Members of the Salem Volunteer Rescue Squad celebrated the squad’s 90th anniversary Saturday with a luncheon at Hidden Valley Country Club’s 49 Lounge.
“It was very nice,” Mike Moore, senior member, said. “Everybody had a good time. We enjoyed catching up.”
The squad was organized Nov. 15, 1932. Originally called the Salem Life Saving Crew, it was modeled after the Roanoke Life Saving & First Aid Crew that was organized in 1928.
“Their many years of service shows a true dedication to the citizens of Salem,” Moore said of the life members of the squad.
Moore has been part of the squad for 41 years. He initially joined because he had some friends who were involved in volunteer fire and rescue work in Covington, where he was born and raised. When he moved to Salem, he needed something to do because of his work schedule. He was sitting around the house a lot but wanted to get involved in an extracurricular activity. “I got into an EMT class and from there it’s history,” he said. At the time, it was required that all members lived within the city limits.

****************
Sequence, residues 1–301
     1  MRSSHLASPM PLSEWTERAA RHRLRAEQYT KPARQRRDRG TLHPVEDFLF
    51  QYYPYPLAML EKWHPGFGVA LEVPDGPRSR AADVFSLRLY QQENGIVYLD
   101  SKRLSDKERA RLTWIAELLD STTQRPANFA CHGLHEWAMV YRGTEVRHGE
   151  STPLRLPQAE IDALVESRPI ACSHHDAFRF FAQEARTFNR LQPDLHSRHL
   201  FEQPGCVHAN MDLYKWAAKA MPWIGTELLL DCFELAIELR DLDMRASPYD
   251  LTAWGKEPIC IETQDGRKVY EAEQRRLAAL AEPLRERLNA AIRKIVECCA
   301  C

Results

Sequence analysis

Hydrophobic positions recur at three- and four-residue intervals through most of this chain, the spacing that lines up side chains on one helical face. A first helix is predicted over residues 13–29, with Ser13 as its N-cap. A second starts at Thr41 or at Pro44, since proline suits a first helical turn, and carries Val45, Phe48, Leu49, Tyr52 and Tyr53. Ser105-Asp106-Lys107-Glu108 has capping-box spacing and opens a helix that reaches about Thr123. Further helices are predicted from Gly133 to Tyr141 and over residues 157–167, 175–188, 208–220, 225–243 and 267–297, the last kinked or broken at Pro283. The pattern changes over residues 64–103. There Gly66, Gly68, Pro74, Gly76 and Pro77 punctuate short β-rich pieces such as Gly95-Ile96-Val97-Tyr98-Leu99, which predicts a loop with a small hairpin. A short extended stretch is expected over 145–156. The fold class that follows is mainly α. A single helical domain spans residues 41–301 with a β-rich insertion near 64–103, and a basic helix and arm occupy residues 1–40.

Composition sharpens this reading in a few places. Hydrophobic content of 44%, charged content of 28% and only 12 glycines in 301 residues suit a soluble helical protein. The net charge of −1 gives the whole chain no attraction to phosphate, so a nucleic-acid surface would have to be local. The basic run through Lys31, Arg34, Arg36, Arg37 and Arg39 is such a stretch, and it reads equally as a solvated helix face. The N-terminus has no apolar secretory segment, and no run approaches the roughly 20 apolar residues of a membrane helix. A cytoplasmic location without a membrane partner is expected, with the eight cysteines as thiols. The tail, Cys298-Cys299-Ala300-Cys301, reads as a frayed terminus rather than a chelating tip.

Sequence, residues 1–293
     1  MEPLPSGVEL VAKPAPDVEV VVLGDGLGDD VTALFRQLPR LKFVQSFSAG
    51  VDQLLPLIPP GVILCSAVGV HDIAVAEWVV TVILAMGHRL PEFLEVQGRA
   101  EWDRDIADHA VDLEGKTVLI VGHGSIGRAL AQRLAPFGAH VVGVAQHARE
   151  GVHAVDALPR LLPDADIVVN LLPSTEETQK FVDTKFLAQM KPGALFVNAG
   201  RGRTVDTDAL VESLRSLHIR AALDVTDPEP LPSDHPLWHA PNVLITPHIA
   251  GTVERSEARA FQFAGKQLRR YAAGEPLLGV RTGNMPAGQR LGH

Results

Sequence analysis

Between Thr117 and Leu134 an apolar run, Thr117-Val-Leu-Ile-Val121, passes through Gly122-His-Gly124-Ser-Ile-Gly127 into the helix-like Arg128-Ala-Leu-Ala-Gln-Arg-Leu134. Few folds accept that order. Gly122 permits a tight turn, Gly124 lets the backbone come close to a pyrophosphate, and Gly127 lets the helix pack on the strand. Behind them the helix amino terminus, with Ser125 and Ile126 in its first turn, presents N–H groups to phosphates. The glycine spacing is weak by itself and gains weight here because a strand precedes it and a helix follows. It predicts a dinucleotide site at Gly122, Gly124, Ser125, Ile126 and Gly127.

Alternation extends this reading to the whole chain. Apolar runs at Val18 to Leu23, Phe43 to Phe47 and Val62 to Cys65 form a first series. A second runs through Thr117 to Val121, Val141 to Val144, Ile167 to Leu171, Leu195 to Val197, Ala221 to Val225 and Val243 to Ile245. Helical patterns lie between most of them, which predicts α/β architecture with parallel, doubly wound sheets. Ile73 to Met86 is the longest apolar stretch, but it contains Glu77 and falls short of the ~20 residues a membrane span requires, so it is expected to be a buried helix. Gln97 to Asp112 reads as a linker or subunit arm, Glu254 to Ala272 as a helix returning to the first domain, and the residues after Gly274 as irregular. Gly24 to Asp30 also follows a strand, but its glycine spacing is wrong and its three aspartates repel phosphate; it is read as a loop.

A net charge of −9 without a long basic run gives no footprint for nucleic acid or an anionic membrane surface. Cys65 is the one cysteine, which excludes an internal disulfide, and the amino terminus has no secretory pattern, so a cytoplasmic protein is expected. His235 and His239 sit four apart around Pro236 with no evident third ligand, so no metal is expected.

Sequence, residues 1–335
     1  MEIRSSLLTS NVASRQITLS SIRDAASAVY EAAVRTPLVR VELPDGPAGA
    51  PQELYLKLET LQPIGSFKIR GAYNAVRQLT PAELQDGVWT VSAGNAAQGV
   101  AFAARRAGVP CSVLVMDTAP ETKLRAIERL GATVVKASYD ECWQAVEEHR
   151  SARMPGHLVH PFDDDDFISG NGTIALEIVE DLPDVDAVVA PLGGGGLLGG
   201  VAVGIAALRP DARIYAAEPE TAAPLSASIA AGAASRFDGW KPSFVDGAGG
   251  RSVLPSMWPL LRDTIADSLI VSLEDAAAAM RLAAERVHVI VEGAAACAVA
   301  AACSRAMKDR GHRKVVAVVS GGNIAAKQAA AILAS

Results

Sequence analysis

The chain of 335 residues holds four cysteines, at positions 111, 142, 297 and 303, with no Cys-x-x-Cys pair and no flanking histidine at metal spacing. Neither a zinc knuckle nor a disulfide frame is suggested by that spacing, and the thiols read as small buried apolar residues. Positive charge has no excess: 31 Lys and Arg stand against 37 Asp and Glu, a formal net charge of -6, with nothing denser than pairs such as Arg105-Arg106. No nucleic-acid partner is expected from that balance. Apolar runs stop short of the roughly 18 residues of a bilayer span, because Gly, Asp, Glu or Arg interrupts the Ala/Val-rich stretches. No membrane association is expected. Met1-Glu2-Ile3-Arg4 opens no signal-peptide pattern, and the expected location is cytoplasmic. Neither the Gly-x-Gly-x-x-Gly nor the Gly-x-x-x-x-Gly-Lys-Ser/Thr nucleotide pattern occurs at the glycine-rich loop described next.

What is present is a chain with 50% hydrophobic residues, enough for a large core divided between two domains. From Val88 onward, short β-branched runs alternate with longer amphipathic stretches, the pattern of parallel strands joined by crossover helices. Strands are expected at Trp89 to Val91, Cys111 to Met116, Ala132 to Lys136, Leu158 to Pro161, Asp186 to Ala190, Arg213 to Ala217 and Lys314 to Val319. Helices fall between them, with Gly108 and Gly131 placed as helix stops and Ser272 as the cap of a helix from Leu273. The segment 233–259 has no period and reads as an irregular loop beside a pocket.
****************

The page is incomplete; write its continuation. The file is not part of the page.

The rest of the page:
He described the work that the members do as being “the right thing to do. It’s part of being a part of the community.” He added, “It’s something we enjoy doing. We feel like we can help our fellow citizens. It sort of gets in your blood.”
Currently, the squad has roughly 20 members. Those who volunteer at the squad come from all walks of life.
“With 20 people, we’re struggling,” he said.
When Moore first joined, there were 61 members. “Volunteer rescue squads are going by the wayside every day,” he noted. “People don’t have the time. It’s hard to get your certification now. It’s gotten costly.”
He said it costs around $1,000 to take a certification class. Most who take the time to get the certification nowadays decide to pursue a career path instead of the volunteer route.
For those who are interested in volunteering, they should call the squad’s part-time secretary at 540-375-3001.
In looking ahead, Moore said he is optimistic about the future of the squad. The squad had a booth during Olde Salem Days. “Even though the weather was bad, we picked up 10 applications that day,” he said. “I’m tickled to death with that.”
The squad covers a number of events and public gatherings. January through October, the squad covered 48 events in the city.
“We’re covering three nights a week now. We’d like to cover seven nights from 6 p.m. to 6 a.m.,” he said.